What to Do With Yard Debris: Local Company and Municipalities Provide Options

A big part of life near the coast is appreciating and enjoying the landscape—which happens to come along with learning to maintain and deal with what nature brings. Sometimes, bushes grow into tree-like masses seemingly overnight, vines overtake porches and trees, and winds whip up sand, dirt, and debris into mountainous piles—to name only a few ways in which nature can wreak havoc on the average lawn.

Every year when the weather warms, all over the shore, sounds of lawnmowers rumbling, weed wackers buzzing, and even chainsaws motoring on, provide a different type of soundtrack to spring. In addition to what nature brings—the smells of spring blossoms, tweets of birds, and bright green backdrop of new leaves and plants—is the clean up.

For those weekend warriors who have been attacking their lawns with rakes and trimmers, or uncovering gardens under layers of leaves, there comes a big problem when all the work is complete—what’s to be done with all of the yard waste?

Some towns and municipalities recognize the problem, and offer certain days when yard waste will be collected, free of charge.

  • Berlin, MD offers two pick-up days, Wednesdays April 25th and May 2nd (depending on designated regular trash days).
  • The city of Salisbury, MD provides weekly yard waste pick-up. Residents have only to call the City Service Center at (410) 548-3177 to schedule a pick-up.
  • Rehoboth Beach, DE collects yard waste from residents three times a month, and also provides receptacles for collection. Additionally, a leaf vacuum machine collects clean, loose leaves and pine needles October through mid-May.
Information and photos above from the City of Rehoboth Beach, Delaware.

Stipulations for pick-up from all towns do apply. Generally speaking, leaves, grass clippings, garden waste, pinecones, dead plants, and other small organic matter must be bagged or placed in a 30-gallon garbage can. Branches can be no wider than four inches in diameter. Debris must be free of rocks, metal or other inorganic matter. Not a resident of Berlin, Salisbury, or Rehoboth? Check with your local municipality to see if they offer yard waste pick-up. If not, one company on the shore has found a way to turn yard waste into fertilized compost, and they would be happy to take yours.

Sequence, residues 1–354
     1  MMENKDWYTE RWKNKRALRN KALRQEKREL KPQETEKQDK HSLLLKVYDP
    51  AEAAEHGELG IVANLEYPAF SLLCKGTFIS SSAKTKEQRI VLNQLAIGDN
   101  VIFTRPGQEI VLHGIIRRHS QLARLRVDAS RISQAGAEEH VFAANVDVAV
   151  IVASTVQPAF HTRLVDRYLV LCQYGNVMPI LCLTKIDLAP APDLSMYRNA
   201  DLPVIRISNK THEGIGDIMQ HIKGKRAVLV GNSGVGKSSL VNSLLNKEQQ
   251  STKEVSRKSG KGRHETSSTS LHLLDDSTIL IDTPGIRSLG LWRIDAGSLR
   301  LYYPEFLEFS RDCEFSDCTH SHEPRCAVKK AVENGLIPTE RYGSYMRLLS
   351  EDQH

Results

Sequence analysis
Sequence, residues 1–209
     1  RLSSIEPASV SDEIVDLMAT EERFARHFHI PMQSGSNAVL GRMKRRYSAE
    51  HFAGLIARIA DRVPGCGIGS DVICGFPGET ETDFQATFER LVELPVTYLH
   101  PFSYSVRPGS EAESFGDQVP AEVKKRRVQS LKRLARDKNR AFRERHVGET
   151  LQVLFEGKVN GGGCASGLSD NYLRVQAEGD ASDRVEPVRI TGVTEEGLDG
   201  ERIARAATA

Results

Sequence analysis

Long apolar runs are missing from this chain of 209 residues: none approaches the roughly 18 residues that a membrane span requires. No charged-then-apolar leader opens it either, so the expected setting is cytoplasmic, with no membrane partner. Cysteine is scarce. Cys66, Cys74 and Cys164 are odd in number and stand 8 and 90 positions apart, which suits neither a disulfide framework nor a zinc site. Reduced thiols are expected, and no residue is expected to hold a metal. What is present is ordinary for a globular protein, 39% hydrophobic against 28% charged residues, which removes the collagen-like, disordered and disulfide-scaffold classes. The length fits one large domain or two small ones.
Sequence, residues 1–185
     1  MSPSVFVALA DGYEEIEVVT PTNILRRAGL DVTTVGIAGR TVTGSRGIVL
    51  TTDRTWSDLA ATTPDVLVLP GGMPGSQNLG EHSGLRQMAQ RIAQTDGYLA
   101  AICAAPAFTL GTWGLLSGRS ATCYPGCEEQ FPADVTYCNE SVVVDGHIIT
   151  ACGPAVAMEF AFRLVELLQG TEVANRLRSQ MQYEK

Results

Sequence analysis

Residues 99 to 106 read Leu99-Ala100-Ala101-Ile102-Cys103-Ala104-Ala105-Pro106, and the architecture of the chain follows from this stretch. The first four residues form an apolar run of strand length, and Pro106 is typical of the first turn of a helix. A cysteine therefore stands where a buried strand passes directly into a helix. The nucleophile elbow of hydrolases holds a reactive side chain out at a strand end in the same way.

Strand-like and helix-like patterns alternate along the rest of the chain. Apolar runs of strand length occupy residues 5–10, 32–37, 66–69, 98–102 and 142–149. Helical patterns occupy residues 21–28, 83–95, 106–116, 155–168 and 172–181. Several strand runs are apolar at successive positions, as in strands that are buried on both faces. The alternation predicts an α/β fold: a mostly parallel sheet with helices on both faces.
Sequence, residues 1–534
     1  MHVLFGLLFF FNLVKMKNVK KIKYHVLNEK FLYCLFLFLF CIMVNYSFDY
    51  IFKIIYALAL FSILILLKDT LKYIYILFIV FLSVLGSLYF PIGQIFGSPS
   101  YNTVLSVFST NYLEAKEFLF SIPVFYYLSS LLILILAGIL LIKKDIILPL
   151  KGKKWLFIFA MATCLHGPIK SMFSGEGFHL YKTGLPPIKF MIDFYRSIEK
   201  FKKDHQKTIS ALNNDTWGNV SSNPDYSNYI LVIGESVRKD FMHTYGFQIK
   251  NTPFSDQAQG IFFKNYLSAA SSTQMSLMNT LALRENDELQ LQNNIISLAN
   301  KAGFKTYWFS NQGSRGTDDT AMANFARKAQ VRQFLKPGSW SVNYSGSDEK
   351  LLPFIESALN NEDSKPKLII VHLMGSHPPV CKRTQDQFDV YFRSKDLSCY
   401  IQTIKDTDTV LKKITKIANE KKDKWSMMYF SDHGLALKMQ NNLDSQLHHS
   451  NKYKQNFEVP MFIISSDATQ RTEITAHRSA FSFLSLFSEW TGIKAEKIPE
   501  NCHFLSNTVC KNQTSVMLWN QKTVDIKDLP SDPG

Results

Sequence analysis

Blue Hen Organics in Frankford, Delaware, is the brainchild of by Shannon Agro and Robert Tunnel III, who started the company in response to their state’s [then] lagging recycling rate. The idea began in 2004 when the pair realized a vast majority of organic waste was being hauled to landfills, and buried. After extensive research into the various and most effective ways to compost, and the building process, Blue Hen Organics opened to the public on May 3, 2010. The facility turns organic waste into environmentally friendly and highly beneficial compost.

The 46-acre facility accepts yard waste, land clearing debris, poultry manure, and food waste, and can process 130 tons of material daily. Each load is weighed and calculated by type, and checked for contaminants. It is then grinded and transported to areas where it will be monitored for temperature and moisture. Once the compost is mature and meets EPA standards, it will be sold at Blue Hen Organics and other retailers all over the shore.

Currently, Blue Hen Organics produces Bay Organics Green, a nutrient-rich soil enhancer, Blue Hen Premium Topsoil, and Blue Hen Mulch.  Utilizing these materials is beneficial for your lawn or garden, and advantageous for the local environment. Using organic compost made from organic waste puts the nutrients back in the soil, not in a landfill. Selecting organic compost over synthetic fertilizers helps to protect the water quality of the bays and other water sources.

Blue Hen Organics also participates in the Replenish Program, collaboration between the facility, restaurants, haulers and local farmers to recycle food waste (think table scraps or unused food that’s spoiled) and turn it into valuable compost. Salisbury University and many notable Rehoboth Beach restaurants recycle their food waste with Blue Hen Organics.

Before sending your yard waste to a landfill, consider sending it back to the earth in a positive way. For those interested in taking their yard waste to Blue Hen Organics, the fee is $20 per ton. Materials accepted include:

  •     Yard Waste
  •     Leaves
  •     Grass Clippings
  •     Brush, Limbs, Branches
  •     Stumps, Logs, Trees
  •     Food Waste
  •     Land Clearing Debris
  •     Ground & Chipped Wood
  •     Lumber & Plywood
  •     Pallets
  •     Cardboard
  •     Poultry Manure

Materials are accepted Monday through Saturday from 7:00 A.M to 4:00 P.M.

Photos from the Blue Hen Organics website. For more information visit Blue Hen Organics on the web or on Facebook.

 

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